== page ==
Strikes and grievances

From the opening of the factory in 1846 to 1910 wage rates for the employees hardly changed. Between 1889 and 1911 the price of food increased by almost exactly 10% and that of coal by 18% but the earnings of people in Reading did not follow suit. The depression in trade after 1903 had reduced the level of overtime payments and in 1909 and 1910 there was much short-time. Just after Christmas 1910, 400 men and boys had to be laid off.

The 1911 strike

During the autumn of 1911 increased union activity in Reading led to many employees joining a union to campaign for better wages and working conditions. The protest came to a head when 200 temporary hands, both men and women, were discharged in December at the end of the busy season. The company took the opportunity to get rid of a number of other workers, with between ten and forty years service, whose work or conduct was considered unsatisfactory.

The case was taken up by the unions and the editor of the Berkshire Chronicle pointed out that low wages at Huntley & Palmers were prolonging the trade depression in the town. The dispute escalated and was soon being discussed in the House of Commons.

Refuting the claims

Just after Christmas over 1200 employees met to protest indignantly against the 'shameless and lying statements' being circulated about conditions in the factory. Some of these employees, including one or two girls, wrote letters to the local press strongly refuting specific allegations.

In response to the campaign for better working conditions, non-union members demonstrated against what they called 'lying statements' being made about the company and issued this report. (REDMG : 1997.82.31)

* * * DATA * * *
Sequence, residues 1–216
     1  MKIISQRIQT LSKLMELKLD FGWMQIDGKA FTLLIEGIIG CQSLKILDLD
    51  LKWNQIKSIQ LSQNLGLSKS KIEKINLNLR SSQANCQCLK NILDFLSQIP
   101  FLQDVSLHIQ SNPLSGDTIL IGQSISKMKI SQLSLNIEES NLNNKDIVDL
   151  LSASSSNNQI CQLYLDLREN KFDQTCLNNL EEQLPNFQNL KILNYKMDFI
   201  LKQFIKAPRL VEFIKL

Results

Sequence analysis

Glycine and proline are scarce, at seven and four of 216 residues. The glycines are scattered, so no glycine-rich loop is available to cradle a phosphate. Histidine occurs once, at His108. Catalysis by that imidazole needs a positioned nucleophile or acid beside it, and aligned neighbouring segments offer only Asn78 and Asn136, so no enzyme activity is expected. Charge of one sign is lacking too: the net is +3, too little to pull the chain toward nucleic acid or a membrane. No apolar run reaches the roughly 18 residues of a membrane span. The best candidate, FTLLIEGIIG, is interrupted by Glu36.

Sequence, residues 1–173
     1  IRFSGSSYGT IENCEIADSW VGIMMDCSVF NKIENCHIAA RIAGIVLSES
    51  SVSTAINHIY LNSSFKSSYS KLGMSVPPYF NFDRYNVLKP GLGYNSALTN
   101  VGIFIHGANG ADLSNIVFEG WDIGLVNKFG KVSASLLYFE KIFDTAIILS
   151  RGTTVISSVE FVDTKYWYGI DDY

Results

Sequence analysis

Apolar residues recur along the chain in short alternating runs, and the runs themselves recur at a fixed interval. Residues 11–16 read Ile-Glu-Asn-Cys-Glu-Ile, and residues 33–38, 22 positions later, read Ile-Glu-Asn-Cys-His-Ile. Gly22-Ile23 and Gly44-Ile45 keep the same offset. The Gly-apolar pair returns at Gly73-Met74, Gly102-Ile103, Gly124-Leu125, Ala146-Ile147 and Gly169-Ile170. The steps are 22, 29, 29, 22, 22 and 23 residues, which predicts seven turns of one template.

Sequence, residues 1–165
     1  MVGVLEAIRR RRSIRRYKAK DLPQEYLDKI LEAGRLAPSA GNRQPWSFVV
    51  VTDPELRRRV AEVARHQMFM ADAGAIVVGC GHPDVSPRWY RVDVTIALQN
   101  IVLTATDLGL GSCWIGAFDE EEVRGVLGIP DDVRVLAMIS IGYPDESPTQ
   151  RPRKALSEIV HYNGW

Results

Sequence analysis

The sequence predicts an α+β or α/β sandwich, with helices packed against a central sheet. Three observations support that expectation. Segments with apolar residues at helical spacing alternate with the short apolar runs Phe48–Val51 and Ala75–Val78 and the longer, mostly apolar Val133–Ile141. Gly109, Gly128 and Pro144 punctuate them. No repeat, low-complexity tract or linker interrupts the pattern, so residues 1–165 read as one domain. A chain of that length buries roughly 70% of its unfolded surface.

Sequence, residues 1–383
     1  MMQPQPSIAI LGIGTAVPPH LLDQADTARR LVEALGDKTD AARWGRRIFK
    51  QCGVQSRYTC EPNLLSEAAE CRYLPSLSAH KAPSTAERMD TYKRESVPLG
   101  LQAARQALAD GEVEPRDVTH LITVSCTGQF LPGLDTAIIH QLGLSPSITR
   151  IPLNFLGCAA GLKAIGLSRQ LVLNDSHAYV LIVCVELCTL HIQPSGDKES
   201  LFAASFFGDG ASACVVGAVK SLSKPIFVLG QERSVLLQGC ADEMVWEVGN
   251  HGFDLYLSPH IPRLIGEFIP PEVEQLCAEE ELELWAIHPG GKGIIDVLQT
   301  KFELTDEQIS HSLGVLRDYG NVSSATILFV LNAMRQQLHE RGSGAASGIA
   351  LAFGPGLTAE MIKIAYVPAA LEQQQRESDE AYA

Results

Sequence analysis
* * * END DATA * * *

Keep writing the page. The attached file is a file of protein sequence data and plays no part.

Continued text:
Were the workers badly paid?

The unions had argued that Huntley & Palmers' pre-eminence in the town had made it easy for Reading's other employers to keep wages down. A survey carried out at the time came to the conclusion that in terms of overcrowding, Reading came out fairly well. However, in terms of income, Reading had an unusually high proportion of skilled workers on low wages. Nearly one in five were living in primary poverty or below the minimum level of income considered necessary to maintain physical health.

The company raised wages from October 1912 for the first time since 1900. These averaged about 12% for lower-paid workers so that the adult wage was now 21s for men and 11s for women.

During the nineteenth century the cheap housing at Coley Steps was perhaps the most impoverished area of Reading. This photo was taken in 1911, around the time of the first Huntley & Palmers strike. (REDMG : 1999.1.1)

The 1916 strike

In 1914 Huntley & Palmers laid down a standard wage of 24s a week for men and 12s for women over eighteen. Despite increases in food prices of 40%, the directors refused to discuss further wage increases. In 1916 a girl left early and was sacked and the tensions came to a head. A few days later the largest demonstration ever held in Reading took place, campaigning for higher pay and better working conditions.

This photograph from the Berkshire Chronicle cutting shows the striking workers outside the biscuit factory entrance on King's Road, Reading. (REDMG : 1973.705.1)

The directors categorically refused to discuss wages with the unions. Instead they called representatives from each department which led to the establishment of the Workers Representative Committee. The dispute was settled with an agreed pay increase of 5s a week for men and 3s a week for women.

Learn more about the war years at Huntley & Palmers in the next section.